We first encountered Exposure Photo Festival in 2015. Now in its twelfth year, the festival includes exhibitions, film viewings and multiple opportunities to meet and speak with many of the participating photographers.
In Banff, admission to the Whyte Museum of the Canadian Rockies includes three Exposure 2016 exhibits (plus access to all other exhibit areas, including the permanent Gateway to the Rockies installation). Unless you’re a Museum Member or under the age of 12, an admission fee of $8 applies. You can save 25% by showing a valid CAA membership card. Locals (Banff, Morley, Canmore) pay $4.
Through the Lens is a four-month extracurricular photography program for high school students from Morley, Canmore and Banff. Students chosen to participate in the program are involved in field trips, darkroom demonstrations, critiques and workshops. This exhibition showcases some of their work and this time around we noticed that our societal obsession with selfies came through in some of the work; many of the photographs are black and white and the care the students took in selecting their subject matter for these photographs was quite a joy to see.
Point of View is a collection of photographs inspired by the Canadian Rockies and includes images from quite a large group of photographers (including Ansel Adams, Bruce Barnbaum, Sylvia Plachy, Richard White, Jon Goodman, Clive Holden and more).
These two snowy scenes are Mr. GeoK’s favourites from Point of View. Photographer Jon Goodman made this pair of pigment prints on prepared paper (aka carbon prints). Since neither one of us has any experience working in a dark room or producing our own prints, we found the accompanying description of the printing process very informative.
My own favourite is the much more recent work of Clive Holden. This camera phone long exposure doesn’t begin to do justice to his Internet Mountains videos, so you should really view the digital paintings and videos on the project website.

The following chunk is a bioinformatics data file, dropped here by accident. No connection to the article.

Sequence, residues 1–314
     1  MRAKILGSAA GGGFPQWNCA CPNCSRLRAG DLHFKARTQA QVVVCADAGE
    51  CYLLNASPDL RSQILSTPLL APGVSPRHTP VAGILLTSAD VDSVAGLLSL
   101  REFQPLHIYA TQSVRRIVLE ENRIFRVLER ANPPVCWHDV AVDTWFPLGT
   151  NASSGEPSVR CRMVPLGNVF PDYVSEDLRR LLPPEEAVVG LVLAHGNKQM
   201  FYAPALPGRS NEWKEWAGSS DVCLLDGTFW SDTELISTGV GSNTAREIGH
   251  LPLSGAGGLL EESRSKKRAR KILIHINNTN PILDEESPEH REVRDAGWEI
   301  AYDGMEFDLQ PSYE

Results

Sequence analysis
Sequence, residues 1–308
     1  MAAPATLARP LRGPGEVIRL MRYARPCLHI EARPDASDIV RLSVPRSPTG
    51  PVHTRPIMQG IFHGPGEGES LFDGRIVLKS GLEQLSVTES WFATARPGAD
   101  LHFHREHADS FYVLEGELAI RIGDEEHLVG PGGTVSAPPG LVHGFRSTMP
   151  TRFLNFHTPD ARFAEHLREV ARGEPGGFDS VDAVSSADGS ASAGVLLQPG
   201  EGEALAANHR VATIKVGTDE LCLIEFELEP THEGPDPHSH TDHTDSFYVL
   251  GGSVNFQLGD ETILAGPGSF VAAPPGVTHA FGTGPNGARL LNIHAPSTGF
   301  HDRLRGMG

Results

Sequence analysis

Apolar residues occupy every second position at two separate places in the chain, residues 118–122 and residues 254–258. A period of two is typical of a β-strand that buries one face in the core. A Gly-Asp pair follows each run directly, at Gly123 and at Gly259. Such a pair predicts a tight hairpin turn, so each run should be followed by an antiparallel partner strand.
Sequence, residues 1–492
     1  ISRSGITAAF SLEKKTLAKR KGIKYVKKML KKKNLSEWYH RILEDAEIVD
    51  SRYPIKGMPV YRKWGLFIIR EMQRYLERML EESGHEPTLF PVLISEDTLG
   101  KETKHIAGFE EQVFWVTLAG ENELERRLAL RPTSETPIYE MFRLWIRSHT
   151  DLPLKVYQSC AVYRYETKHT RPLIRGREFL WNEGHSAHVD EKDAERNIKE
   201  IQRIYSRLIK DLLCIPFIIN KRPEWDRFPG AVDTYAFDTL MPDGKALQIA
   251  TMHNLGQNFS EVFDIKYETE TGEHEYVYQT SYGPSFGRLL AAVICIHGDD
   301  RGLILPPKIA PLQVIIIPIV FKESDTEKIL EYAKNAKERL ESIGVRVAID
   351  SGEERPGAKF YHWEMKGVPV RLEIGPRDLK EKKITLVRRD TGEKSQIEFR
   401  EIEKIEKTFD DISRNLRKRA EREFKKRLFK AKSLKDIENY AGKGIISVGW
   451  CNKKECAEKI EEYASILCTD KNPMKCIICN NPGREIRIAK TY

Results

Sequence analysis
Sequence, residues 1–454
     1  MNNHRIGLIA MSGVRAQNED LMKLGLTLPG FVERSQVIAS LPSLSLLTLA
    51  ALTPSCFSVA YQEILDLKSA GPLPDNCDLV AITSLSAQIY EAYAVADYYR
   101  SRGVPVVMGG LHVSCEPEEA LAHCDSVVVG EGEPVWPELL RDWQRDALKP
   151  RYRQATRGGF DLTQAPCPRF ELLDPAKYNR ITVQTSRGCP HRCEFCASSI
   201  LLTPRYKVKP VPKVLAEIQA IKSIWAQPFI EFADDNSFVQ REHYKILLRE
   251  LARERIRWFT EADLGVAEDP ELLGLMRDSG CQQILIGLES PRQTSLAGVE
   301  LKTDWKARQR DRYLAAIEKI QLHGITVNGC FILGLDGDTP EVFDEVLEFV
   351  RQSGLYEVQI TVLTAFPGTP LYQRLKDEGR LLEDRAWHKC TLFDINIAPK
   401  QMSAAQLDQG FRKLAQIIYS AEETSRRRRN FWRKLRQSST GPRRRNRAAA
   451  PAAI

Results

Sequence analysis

We really enjoyed the portraits and accompanying back stories in Jeremy Fokkens‘ Back to the Land series. This recent Rocky Mountain Outlook article provides a good overview of the project (and more information on the other two exhibits). Mr. GeoK invested a fair bit of time studying the lighting, composition and overall appearance of each portrait.
I took a few minutes to make a couple of longer exposures incorporating intentional camera phone movement. These are based on Fokkens’ portrait series:
Our next stop was at Canada House Gallery, a new exhibition site for Exposure Photo Festival. Dualities featured works from Steven Nederveen and Dieter Schlatter. Both artists augment their photography with painting and then finish everything with a clear coat.
The technique was interesting, but I found my attention drifting to Paul Reimer‘s recent works. He’s evolved his forged trees to include several new varietals. One particularly eye-catching piece is this “Field of Dreams” table that includes 95 individually forged stalks of wheat. I found the play of light and shadow particularly appealing.
The Exposure Photo Festival calendar of events included at least two other events / locations in Banff but we wanted to get in a winter walk before heading east to Canmore.
In Canmore we visited two Exposure 2016 exhibits, starting with The Maple Leaf Collection by Calgary-born photographer Harry Palmer. The mostly black and white prints depict Canadian places (Calgary, the prairies, the mountains and the arctic) and people (including several Companions Of The Order Of Canada, indigenous people and Canadian veterans). I was struck by the similarities between The Maple Leaf Collection and Back to the Land, perhaps because we viewed the two exhibits back-to-back. If you clicked through to Harry Palmer and Jeremy Fokkens’ websites, did you see some common threads?
Also in Canmore we stopped at Elevation Place to view People, Places & Things, an invitational show featuring the work of nine Calgary and Canmore photographers. We didn’t stay long; it was too busy for us, with lots of customers swarming the vendors set up for the Mountain Made Craft & Artisan Market. The exhibit we viewed came down February 16th to make way for the Canmore Art Guild Members’ Show which runs through March 1st and includes images from invited members of the Canmore Camera Club.
I’m planning to visit at least a handful of Exposure Photo Festival Calgary shows before the end of the month. Recommendations for “can’t miss” locations would be appreciated!
4 thoughts on “Exposure Photo Festival 2016 – Banff and Canmore”
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Loved it. I discovered a gallery in Canmore years ago(many) I purchased a Debbie Chelan of ** Ha Ling ** Peak that I still stop and enjoy once in a while. Thanks for the cool blog